Customer communication is needed to up spud returns

24 July 2002

Customer communication is needed to up spud returns

POTATO growers should focus on customer requirements and input management rather than fighting for the best price a tonne.

That is if they want to maximise returns and ensure some stability in an increasingly volatile market.

"Greater grower co-operation and commitment to the processor/packer is the key to sustainable potato production," says Simon Bowen, group agronomy manager for potato specialist Solanum.

"Growers not linked to the customer will find themselves increasingly on the periphery of a fast developing industry," says Mr Bowen. "A lot of growers want to have their cake and eat it, but if they are not plugged in they will find themselves out in the cold.

"An us and them mentality is not the way forward. Growers must start negotiating now with a processor/packer for next year. Growers who have committed to a contract tonnage can tap into production and marketing advice, as well as benefit from block sales, logistics and have some preferential treatment for out of specialisation crops. Those that have not face an uncertain future."

Too many growers have an old-fashioned attitude and are prepared to risk the open market rather than fixing contracts, Mr Bowen believes. That is fine while demand outstrips supply, but when growers not under contract cannot find a market the situation becomes very serious.

Growers also need to match inputs to the end market and budget accordingly, he adds. "We help growers plan inputs right through to end market requirement."

Land, seed and irrigation can account for up to 50% of total input costs, with machinery and labour accounting for a further 25%, Mr Bowen estimates. Land and variety selection should, therefore, be a high priority when addressing input costs.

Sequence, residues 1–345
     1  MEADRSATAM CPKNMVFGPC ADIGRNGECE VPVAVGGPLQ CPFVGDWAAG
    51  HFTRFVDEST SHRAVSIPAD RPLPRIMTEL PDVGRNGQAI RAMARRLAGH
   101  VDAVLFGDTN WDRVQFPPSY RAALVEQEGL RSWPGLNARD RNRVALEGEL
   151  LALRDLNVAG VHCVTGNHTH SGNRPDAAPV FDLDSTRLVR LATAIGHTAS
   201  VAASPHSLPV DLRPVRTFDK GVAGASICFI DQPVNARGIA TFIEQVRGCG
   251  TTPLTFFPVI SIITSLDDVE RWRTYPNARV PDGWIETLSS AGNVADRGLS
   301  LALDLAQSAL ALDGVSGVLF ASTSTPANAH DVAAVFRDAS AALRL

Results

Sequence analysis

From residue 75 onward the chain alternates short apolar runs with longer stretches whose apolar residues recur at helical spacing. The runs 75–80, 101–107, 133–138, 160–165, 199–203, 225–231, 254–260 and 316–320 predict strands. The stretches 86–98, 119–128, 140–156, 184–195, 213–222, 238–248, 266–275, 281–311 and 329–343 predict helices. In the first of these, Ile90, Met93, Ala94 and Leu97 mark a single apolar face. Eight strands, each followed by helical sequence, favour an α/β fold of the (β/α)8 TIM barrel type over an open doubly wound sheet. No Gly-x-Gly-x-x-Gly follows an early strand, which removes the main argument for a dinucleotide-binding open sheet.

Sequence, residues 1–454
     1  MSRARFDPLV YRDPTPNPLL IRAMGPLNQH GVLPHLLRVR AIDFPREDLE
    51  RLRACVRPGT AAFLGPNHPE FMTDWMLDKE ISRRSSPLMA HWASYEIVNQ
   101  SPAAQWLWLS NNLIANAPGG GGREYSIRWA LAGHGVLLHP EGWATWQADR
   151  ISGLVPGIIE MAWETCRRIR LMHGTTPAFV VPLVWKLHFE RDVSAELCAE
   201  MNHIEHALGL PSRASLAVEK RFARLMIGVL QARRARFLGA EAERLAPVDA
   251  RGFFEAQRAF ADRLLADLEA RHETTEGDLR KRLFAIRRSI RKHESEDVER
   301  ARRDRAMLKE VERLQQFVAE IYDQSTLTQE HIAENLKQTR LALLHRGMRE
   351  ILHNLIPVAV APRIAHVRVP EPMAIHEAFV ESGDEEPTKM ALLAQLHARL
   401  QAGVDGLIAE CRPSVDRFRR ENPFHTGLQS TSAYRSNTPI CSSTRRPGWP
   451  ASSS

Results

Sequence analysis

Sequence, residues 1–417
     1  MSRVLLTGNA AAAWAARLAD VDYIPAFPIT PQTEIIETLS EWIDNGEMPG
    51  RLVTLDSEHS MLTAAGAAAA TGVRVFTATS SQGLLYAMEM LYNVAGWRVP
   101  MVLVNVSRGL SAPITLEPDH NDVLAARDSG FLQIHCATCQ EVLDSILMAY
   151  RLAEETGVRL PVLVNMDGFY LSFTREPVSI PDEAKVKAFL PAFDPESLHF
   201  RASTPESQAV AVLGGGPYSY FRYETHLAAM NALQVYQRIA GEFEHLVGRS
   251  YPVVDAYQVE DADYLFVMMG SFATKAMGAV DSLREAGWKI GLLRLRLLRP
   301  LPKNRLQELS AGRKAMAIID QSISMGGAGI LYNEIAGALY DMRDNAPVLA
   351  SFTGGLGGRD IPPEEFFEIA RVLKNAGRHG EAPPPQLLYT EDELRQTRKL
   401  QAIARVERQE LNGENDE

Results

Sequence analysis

"Input costs can vary between £1200 and £1500/acre, the lower end being for processing and the upper end for pre-pack. It is essential to align costs to crop requirement."

At the same time as offering agronomic advice, Mr Bowen recognises that buyers must be made aware of the problems associated with growing potatoes. That is particularly so where costs can be added such as during storage – typically 10% wastage from long-term storage – with weight loss issues, pest and diseases and physiological changes. Such costs should be taken into account when negotiating contracts, he advises. &#42

Get in touch with the markets to survive, rather than fighting for the last pound on price, urges Solanums Simon Bowen.

Blight costs

"Blight control is the most costly agchem input besides nematicides," warns Mr Bowen. "Selecting the wrong product can add at least £50/ha to the input costs. We see this as the difference between focused and unfocused advice." With its curative activity Curzate (cymoxanil + mancozeb) can provide the hub of the blight programme irrespective of end market, he says. "Costing as little as £8-9.50/ha it provides an effective insurance against a devastating disease. Do not underestimate the potential of blight. This is one input that must not be compromised. Other inputs might vary slightly depending on the market."

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